Back to Basics: Nashville's Phoebe Hunt strips back to voice and violin for B-N debut at Destihl
Born and raised in Texas, Phoebe Hunt picked up the violin at 6 years old. She grew up around music and first took formal lessons at the Austin Montessori School.
“We weren’t, like, a wealthy family or anything,” Hunt said in an interview with WGLT. “We just got access to the school because my mom was a teacher. So that was pretty amazing to have that opportunity.”
Hunt is now based in Nashville, but regularly spans the country with an eclectic collection of roles in the music industry. She teaches; tours with her band, The Gatherers; and runs a nonprofit organization with her younger sister aimed at increasing access to learning an instrument.
In other words, Hunt is busy! She was in Colorado on Monday running between teaching a violin lesson and a recording session. And Saturday, she’ll play a one-night-only solo set in Normal on the way to Folk Alliance International Conference in Kansas City.
Hunt’s Twin City debut at Destihl is the second of four concerts in the new TourBus Concert Series, conceived and produced by local favorite Edward David Anderson and Black Dirt Management. Designed to be treated as a listening room, the vibe is distinctly chill. Concertgoers are encouraged to lean in and keep quiet – giving the artists a platform for sparse instrumentation and intimate storytelling.
As a kid, Hunt studied the Suzuki Method, a training philosophy for learning stringed instruments commonly seen in Western classical music traditions. And she found early success.
“When I was in high school, I joined a string quartet and we played, like, 100 weddings,” she said. “My high school orchestra director was our booking agent. I don’t know how that happened, but Acoustic Dreams String Quartet got a lot of weddings.”
A trip to the Suzuki Institute in Aspen, Colorado, while enrolled as a student at University of Texas led to taking over violin lessons at her former school.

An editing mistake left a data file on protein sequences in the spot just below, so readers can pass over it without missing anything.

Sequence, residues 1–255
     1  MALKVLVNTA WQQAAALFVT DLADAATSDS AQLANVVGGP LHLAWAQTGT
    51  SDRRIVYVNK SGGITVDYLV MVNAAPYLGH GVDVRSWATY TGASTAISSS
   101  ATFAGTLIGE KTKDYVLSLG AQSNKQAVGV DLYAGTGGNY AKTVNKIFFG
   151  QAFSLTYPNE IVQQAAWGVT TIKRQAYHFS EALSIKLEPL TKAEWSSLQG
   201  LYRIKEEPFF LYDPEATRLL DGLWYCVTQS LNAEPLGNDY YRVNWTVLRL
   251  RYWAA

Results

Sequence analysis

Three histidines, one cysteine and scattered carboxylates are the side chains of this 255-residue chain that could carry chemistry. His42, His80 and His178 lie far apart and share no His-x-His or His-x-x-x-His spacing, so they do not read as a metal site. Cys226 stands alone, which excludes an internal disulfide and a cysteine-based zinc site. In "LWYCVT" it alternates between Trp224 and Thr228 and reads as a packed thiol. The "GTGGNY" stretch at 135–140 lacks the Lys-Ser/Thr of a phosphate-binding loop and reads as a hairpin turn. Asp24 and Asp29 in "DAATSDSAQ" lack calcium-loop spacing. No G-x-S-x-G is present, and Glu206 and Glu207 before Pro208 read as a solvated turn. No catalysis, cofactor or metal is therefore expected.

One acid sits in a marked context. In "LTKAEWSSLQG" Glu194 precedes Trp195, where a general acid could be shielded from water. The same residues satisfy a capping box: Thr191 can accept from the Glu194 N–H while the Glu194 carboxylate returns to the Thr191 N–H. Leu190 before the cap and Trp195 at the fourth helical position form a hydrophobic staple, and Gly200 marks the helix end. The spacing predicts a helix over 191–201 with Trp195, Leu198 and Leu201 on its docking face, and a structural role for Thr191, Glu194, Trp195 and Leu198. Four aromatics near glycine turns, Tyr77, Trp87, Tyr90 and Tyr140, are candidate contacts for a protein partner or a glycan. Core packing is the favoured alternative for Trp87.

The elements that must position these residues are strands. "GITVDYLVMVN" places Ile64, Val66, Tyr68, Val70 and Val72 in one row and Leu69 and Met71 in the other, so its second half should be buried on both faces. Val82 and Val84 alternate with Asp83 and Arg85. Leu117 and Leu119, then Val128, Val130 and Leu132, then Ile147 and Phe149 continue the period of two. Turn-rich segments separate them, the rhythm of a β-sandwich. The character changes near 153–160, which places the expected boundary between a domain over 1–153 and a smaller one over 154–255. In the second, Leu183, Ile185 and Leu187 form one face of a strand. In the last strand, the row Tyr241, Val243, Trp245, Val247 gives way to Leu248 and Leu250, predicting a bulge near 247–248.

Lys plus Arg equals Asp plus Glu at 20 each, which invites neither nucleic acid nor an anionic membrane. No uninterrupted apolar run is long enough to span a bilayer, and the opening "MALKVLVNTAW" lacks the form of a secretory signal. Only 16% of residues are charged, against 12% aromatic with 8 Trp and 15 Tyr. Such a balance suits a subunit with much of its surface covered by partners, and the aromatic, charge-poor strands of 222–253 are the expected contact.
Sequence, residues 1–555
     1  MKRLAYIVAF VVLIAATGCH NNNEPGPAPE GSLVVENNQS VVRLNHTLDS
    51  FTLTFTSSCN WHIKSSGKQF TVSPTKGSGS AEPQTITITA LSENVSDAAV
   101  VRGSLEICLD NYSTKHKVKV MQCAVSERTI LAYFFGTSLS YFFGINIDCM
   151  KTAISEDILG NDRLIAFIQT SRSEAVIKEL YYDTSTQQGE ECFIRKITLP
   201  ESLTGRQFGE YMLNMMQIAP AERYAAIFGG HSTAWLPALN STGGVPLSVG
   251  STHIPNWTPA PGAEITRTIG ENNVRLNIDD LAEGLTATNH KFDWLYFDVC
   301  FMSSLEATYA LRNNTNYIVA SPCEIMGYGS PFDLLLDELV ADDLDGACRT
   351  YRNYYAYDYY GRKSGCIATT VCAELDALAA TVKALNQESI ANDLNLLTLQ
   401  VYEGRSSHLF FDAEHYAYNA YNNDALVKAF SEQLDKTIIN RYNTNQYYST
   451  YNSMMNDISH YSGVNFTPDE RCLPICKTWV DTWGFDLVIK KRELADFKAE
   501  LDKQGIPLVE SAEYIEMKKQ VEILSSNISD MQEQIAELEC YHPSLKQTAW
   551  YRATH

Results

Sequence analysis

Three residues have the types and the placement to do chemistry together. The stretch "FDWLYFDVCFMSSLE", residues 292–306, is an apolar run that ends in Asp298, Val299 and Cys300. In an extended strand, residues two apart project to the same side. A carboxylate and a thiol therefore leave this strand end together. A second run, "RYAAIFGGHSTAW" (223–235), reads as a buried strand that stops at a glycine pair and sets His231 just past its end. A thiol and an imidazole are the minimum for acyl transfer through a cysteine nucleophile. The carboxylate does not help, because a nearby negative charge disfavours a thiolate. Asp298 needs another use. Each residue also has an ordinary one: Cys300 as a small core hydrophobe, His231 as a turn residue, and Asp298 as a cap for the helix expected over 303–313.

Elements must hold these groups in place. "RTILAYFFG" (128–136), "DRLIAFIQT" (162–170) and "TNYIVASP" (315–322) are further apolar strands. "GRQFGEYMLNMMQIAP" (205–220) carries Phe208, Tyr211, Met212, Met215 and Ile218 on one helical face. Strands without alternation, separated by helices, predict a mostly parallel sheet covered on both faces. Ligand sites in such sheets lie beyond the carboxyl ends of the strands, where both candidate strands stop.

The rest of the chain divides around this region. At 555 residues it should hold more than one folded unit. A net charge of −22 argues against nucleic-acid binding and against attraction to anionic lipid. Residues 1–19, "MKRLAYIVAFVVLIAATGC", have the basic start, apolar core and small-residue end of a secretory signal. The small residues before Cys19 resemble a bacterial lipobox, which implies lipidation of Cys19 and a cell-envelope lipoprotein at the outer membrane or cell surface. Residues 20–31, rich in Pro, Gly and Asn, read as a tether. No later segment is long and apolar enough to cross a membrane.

“I all of a sudden had like 18 students,” she said. “I sort of fell into running an entire music studio – probably the best job of my life.”
To be clear, Phoebe Hunt is not just a classical musician.
She fell in love with the fiddle in college, too. While a violin and a fiddle are technically the same instrument, they are distinct playing techniques.
“I had the virtuosity, but I didn’t know how to do it without reading music,” Hunt said.
Hunt discovered Americana music and went down nearly every possible musical rabbit hole she could, attending fiddle camps and exploring Austin’s rich music scene in bars and clubs.
“I started learning as much as I could about jazz, swing, Cajun, old time, Appalachian, blue grass, country,” she said. “You play all those slightly differently on the violin.”
While some crossover artists reject their past training, Hunt sees her journey as an additive one.
“Why would you want to reject something that’s so beautiful?” she said, though she admits that she doesn’t necessarily take people noticing her classical training as a compliment.
“It’s almost like I did it wrong; I messed up," she said. "It’s not an insult but it’s almost like, darn it, I didn’t sound like a fiddler today. But that’s not to say the classical background is not valuably or worthy. It’s a great lens.”
Hunt describes her grab bag of influences as “Mystical Indie Folk,” a term she made up to fold in eastern influences gained from time spent in India with her eclectic indie folk sound. But her set at Destihl is decidedly folk, with pared down versions of a few songs from previous albums transcribed from her full band to violin and voice, plus an exclusive preview of her forthcoming July 2023 album that will focus solely on those two instruments.
Phoebe Hunt appears Saturday at Destihl’s Brewery and Beer Hall, 1200 Greenbriar Dr. in Normal. Doors open at 6:30 p.m. Tickets are $25 in advance or $30 at the door. VIP tables for up to six people are available for $275. Details and tickets can be found at destihl.com.